March 22, 2012
Does anyone else besides me find it strange, even humorous but none-the-less ironic, after all the noise about “pink slime”, the nation’s fastest growing food chain is Five Guys? Seriously? I’m LMAO!
In a report released by Technomic and reported by Jon Maday in http://www.droversnetwork.com, Five Guys Burgers & Fries is the number one fastest growing food chain in America. Five Guys posted a 32.8% increase in sales in 2010. Chipotle Mexican Grill captured the number two spot but was out paced by Five Guys by almost 10%.
I’m sure Chipotle will attribute their success to all the corporate attention being paid to animal welfare, range free chickens, pigs that “get to sleep in deeply bedded pens which are comfortable”, never, ever using “pink slime”, worshiping Michael Pollan and a litany of other issues.
Five Guys Burgers and Fries on the other hand keeps the message simple. You have 250,000 possible ways to order a burger and they use fresh never frozen beef. Fifty-pound bags of fresh potatoes are stacked to form an aisle from the front door to the order counter. If you happen to be there when it’s time to cut more fries, a couple of employees will come out front, heave a bag of potatoes over a shoulder and head off to prep more fresh-cut fries. Geez… it’s almost lunch and I’m 20 miles from the nearest location!
Not one of the ten restaurants on the fastest growing chain list qualifies as particularly healthy from my perspective as a consumer. I’m sure Chipotle would not agree with my perspective, but hey, it’s my blog! I really don’t think the quality of their food is all it’s cracked up to be! I do, however, frequent several restaurants on the list. I walk right up and place my order knowing exactly what I’m doing. It’s my choice. I’ll eat a salad tomorrow. Or not.
The ten franchise eateries on the Technomic list collectively posted annual sales of more than $8.2 billion. According to Jon Maday’s report in http://www.droversnetwork.com, McDonald’s is still the largest U.S. restaurant chain with $34.2 billion total annual sales. If Jon’s math is correct and I’m sure it is, total sales of McDonald’s, Burger King and Wendy’s was more than $51 billion in 2010. I think it is safe to conclude, as consumers, since we spend approximately $60 billion per year on burgers, not ALL consumers are THAT appalled by “pink slime”!
I can’t even count the number of posts from peers in the industry on my Facebook page in a twit about “pink slime”. For example, the YouTube views posted by our industry responding to Jamie Oliver’s original claim about “pink slime” total approximately 3,770. I’m betting the majority of our 3,770 views are by those in our own industry.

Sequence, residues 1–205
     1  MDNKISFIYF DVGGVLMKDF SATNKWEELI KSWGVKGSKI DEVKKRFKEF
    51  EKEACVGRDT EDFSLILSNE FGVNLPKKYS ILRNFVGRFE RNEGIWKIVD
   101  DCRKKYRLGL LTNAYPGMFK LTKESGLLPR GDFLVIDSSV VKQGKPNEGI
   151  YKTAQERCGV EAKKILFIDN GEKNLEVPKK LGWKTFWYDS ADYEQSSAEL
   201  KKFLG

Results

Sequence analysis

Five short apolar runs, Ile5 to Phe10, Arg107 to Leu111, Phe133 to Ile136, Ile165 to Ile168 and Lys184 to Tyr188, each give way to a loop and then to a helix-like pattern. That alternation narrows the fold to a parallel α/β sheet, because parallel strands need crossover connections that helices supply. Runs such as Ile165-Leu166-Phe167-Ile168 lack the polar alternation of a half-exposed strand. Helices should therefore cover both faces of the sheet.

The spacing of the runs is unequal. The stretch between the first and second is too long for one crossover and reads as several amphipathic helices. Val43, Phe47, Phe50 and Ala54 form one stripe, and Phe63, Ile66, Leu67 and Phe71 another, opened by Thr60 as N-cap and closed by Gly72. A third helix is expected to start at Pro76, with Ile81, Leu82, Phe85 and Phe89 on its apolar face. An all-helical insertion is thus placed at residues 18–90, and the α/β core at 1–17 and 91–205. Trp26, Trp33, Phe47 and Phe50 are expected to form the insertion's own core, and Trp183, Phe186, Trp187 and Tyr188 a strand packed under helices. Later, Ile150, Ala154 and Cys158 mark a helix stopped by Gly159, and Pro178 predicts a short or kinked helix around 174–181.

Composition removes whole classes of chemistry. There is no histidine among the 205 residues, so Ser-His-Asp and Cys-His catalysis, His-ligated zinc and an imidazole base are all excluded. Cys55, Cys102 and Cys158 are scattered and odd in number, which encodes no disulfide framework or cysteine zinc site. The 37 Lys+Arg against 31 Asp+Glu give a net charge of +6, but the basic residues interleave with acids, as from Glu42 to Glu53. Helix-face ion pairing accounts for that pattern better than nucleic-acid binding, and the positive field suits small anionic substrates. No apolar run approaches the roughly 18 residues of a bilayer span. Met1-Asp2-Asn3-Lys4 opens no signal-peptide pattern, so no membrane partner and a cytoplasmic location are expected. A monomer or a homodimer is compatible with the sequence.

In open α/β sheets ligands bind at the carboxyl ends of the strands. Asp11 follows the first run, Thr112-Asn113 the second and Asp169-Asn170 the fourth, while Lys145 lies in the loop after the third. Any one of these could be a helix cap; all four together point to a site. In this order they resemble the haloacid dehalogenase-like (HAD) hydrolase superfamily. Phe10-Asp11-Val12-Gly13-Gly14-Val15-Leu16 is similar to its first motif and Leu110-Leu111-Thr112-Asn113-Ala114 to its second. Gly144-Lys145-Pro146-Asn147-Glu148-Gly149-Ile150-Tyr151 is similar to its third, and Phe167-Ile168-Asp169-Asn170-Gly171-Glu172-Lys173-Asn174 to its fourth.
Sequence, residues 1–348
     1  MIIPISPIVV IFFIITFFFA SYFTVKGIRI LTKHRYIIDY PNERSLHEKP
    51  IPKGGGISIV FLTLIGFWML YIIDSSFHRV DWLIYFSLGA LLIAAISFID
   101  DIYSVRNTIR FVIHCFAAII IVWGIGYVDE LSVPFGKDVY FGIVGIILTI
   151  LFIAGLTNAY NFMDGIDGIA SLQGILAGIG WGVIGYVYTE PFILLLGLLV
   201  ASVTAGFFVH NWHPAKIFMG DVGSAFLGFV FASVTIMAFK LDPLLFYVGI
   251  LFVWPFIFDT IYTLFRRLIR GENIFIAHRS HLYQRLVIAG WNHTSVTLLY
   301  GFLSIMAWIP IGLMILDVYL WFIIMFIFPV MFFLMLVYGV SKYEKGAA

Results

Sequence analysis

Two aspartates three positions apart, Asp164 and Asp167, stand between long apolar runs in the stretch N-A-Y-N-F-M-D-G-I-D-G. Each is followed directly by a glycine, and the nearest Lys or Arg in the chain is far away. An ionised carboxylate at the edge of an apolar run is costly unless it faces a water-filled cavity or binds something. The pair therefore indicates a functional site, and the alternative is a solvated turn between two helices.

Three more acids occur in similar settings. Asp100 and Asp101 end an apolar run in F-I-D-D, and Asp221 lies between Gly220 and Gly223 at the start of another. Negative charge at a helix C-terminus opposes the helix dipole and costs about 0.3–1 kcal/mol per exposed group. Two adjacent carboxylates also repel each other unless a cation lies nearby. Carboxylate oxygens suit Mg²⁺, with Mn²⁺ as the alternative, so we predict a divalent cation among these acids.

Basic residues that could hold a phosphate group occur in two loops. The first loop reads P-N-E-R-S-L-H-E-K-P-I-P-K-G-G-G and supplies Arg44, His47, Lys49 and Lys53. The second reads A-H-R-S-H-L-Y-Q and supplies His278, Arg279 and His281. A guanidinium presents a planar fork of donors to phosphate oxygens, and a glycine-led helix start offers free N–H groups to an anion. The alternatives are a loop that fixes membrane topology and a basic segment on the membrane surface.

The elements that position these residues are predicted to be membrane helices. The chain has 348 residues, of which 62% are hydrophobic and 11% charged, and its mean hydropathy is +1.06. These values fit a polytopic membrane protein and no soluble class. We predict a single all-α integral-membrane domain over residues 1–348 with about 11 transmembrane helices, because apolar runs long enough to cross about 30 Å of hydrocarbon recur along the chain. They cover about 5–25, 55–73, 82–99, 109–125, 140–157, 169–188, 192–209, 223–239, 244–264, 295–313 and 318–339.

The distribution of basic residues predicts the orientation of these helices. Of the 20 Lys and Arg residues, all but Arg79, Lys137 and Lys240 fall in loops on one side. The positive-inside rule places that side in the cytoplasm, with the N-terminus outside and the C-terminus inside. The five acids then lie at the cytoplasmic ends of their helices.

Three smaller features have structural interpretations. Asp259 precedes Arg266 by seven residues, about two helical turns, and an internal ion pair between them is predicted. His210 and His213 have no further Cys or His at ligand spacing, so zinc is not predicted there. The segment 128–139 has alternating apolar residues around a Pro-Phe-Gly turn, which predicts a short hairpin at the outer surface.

Jamie’s original video as well as other similar related PS topics total more than 240,000 views. He’s a world-renowned chef. He’s also an entertainer and has used food and obesity as the focus of an entire reality TV series seen literally by millions. Jamie has present TED talks and published cookbooks. Oliver has 41,225 subscribers and 122 videos posted to his own YouTube channel. He IS a brand.
Yesterday his drama was a school lunch menu consisting of frozen chicken parts, fried food and sugar and played out on his reality TV show. Of course, in the end Jamie was the hero and changed how the entire town and the school looked at food. Today his manufactured hysteria is “pink slime”. Unfortunately, when he talks, many listen.
I’m not trying to minimize the negative publicity. But, I do sincerely believe we must do our own diligence. I’m very grateful we have resources willing to respond with facts. However, in the world of marketing and brand building, the very act of having to respond is a defensive position. We are always responding. We are always on the defense. As an industry, we must somehow find a way to deliver a more powerful, strategically offensive position. Unfortunately, it feels like we are continually resigned to taking on the Taliban with a BB gun.
January 6, 2012
I made a commitment to write a blog more than a year ago. My focus and commitment didn’t last long and the result was a rather extended sabbatical! I felt liked giving it another go for several reasons. Once again, the intent will be to “connect the dots” relating to issues affecting the beef industry, social issues with potentially damaging unintended consequences and marketing. So here we go—again.